endurance training

Step Up Your Endurance Training with Density

endurance trainingEndurance training often seems pretty straight forward. Many think that whatever your activity is, you simply keep pushing it harder and longer until your endurance eventually improves. While this can work okay, a much better option is to use density training. However, you would want to use a particular type of “double-sided” density Training. Doing so gives your endurance training a sort of regulated and organized way of programming your progress.

What Is Density Training?

There are many variations of density training, but the crux of them all is to increase the density of your workouts. You do this by either doing more work in the same amount of time or compressing the same amount of work into a shorter time period. To bolster your endurance training, you’re going to use a sort of spin on each in your program.

Progressing from Both Directions

How you apply this “double-sided density” to your endurance training is going to vary a little depending on what you’re training for specifically. However, say you wanted to improve your endurance during 20-minute cardio sessions. Performing any Cardio exercise you like, you can maintain an RPE of 4.0 for the entire 20 minutes. However, your goal is to be able to maintain a 6.0 the entire time.

RPE – stands for rate of perceived exertion. It’s basically a personal measure of how hard you’re working on a scale from 1 to 10.

You’ll actually be performing two types of endurance training workouts to improve your density. Firstly, you’ll do a cardio workout at an RPE of 6.0. You might only be able to maintain the 6.0 for just over 11 minutes (or however long) before you gas out or need a break, and that’s fine. Your goal is to maintain the 6.0 for as long as you can, striving to last longer than you did your last workout. Provided you have sufficient aerobic capability, this will be as much of a mental exercise as it is a physical one.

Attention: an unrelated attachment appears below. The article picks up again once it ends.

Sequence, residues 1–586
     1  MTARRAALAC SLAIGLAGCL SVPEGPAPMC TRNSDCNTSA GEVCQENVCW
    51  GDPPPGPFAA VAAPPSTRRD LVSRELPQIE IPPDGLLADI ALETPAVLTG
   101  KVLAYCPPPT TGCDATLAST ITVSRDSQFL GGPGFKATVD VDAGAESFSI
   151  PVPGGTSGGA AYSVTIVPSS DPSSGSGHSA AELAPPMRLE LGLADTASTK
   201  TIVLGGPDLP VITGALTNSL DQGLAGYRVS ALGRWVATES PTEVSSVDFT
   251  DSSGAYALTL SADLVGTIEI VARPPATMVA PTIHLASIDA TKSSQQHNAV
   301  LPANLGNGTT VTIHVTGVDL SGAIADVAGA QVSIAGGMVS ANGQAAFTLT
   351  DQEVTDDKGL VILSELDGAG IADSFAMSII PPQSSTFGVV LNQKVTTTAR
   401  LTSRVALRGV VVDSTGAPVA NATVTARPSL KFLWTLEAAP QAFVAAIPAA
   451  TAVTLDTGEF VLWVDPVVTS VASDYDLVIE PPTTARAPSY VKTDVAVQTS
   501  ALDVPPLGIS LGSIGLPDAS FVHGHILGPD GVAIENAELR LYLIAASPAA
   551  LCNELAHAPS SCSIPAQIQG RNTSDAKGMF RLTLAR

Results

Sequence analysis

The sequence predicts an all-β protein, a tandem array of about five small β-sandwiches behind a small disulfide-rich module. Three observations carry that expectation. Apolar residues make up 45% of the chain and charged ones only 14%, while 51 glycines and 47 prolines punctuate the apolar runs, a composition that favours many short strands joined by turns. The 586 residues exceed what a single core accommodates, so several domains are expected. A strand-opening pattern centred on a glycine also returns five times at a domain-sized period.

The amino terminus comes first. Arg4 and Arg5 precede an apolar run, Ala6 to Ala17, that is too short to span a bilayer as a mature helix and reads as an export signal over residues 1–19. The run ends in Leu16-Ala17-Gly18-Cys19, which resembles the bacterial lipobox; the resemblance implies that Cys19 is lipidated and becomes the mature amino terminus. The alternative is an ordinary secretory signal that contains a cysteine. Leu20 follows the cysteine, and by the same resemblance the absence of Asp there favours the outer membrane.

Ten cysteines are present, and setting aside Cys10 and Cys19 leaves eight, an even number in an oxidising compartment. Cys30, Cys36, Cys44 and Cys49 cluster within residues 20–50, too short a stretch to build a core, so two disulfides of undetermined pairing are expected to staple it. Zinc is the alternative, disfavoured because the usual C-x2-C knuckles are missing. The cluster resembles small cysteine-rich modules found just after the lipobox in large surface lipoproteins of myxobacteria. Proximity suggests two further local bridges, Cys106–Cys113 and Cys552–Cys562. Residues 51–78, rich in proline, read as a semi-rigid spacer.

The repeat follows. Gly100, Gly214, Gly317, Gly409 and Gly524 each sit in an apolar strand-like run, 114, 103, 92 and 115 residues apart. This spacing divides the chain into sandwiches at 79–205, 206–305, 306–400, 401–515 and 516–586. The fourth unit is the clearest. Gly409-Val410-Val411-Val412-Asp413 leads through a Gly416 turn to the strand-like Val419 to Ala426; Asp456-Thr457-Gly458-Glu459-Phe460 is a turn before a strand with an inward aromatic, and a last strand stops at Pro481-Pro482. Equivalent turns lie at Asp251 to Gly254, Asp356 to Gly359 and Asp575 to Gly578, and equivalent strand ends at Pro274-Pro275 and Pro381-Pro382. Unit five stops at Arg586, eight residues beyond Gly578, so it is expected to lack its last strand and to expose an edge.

Your next workout will approach things from the opposite direction. This time you’ll do an entire 20 minutes of cardio, but you’ll be slowly stair-stepping up the RPE. So today, you might only be able to maintain an RPE of 4.0. The next time you do this workout, you might push it to a 4.3, and then a 4.4-4.5 after that.

In the end, your goal is be doing two styles of workout:

  • Intensity-driven – maintain as high of an intensity for as long as you can, eventually maintaining it for your entire duration.
  • Duration-driven – work for the entire goal duration, slowly building up the intensity.

What happens when you do this is that you end up sort of “meeting in the middle”. One one hand, you’re increasing how long you can maintain your 6.0 RPE. On the other hand, you’re slowly increasing the RPE you can maintain for 20 minutes. By coming at it from both directions, you’re able to improve your abilities with both density and duration at the same time.

When to Use Each and How Often

How often to do each style of workout will depend on your overall training plan, but 3-4 workouts per week would be good to bolster your endurance training. Alternate back and forth between the two on a Monday/Wednesday/Friday or Monday/Tuesday/Thursday/Friday type of schedule.

When you use this sort of “double-sided” density training, you’re giving yourself a leg up on improving your endurance. Not only will you have a much more organized and planned approach, but you’ll be attacking your endurance objectives from two different directions. This will allow to you progress faster as you’re improving your ability not only to maintain a faster pace, but to hold an incrementally faster pace for your desired duration.

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